WASHINGTON — May was Baltimore’s deadliest month since the early 1970s, with 43 total homicides.

Arrests have dropped sharply in Baltimore since Freddie Gray died on April 19 of injuries he suffered in police custody. His death unleashed protests, riots, and the criminal indictment of six officers.

Homicides were increasing in Baltimore even before Gray’s death, but the 43 slayings in May mark a major spike, after 22 in April, 15 in March, 13 in February and 23 in January.

Still, one South Baltimore neighborhood will be celebrating the fact that no deadly shootings have occurred there in over a year — since April 22, 2014.

Mayor Stephanie Rawlings-Blake and Health Commissioner Dr. Leana Wen will join community members at the Created For So Much More Worship Center for a cookout, complete with games for kids, family activities and a DJ, on Tuesday afternoon.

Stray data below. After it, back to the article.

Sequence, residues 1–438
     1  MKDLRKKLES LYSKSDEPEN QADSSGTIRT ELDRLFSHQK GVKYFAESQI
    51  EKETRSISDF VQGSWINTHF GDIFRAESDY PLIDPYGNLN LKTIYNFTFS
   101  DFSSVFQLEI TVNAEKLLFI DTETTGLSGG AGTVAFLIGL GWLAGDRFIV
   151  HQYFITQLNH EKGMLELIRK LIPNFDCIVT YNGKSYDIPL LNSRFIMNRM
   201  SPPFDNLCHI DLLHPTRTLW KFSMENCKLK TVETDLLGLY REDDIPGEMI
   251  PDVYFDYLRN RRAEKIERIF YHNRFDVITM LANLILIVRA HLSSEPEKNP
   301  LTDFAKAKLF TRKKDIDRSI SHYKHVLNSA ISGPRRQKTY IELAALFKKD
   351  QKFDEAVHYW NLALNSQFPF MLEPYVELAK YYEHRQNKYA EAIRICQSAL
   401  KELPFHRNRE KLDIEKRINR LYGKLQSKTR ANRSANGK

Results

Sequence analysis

A news release from the mayor’s office says a health department program called “Safe Streets Cherry Hill” uses “public health strategies to mediate violence and reduce homicides and non-fatal shootings in troubled Baltimore communities.” There are three other similar programs across the city.

Since the start of the year, the program staff has apparently mediated 60 conflicts, “97 percent of which were likely or very likely to have led to a shooting.”


 
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